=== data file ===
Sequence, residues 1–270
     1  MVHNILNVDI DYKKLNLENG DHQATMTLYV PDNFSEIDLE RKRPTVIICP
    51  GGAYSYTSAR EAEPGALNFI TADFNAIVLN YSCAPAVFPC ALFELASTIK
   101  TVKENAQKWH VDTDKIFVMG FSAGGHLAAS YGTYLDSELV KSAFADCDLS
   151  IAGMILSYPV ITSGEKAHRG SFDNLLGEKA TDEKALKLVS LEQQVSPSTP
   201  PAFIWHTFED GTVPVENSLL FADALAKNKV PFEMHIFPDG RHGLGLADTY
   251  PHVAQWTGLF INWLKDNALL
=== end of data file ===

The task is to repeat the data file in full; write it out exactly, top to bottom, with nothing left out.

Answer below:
Sequence, residues 1–270
     1  MVHNILNVDI DYKKLNLENG DHQATMTLYV PDNFSEIDLE RKRPTVIICP
    51  GGAYSYTSAR EAEPGALNFI TADFNAIVLN YSCAPAVFPC ALFELASTIK
   101  TVKENAQKWH VDTDKIFVMG FSAGGHLAAS YGTYLDSELV KSAFADCDLS
   151  IAGMILSYPV ITSGEKAHRG SFDNLLGEKA TDEKALKLVS LEQQVSPSTP
   201  PAFIWHTFED GTVPVENSLL FADALAKNKV PFEMHIFPDG RHGLGLADTY
   251  PHVAQWTGLF INWLKDNALL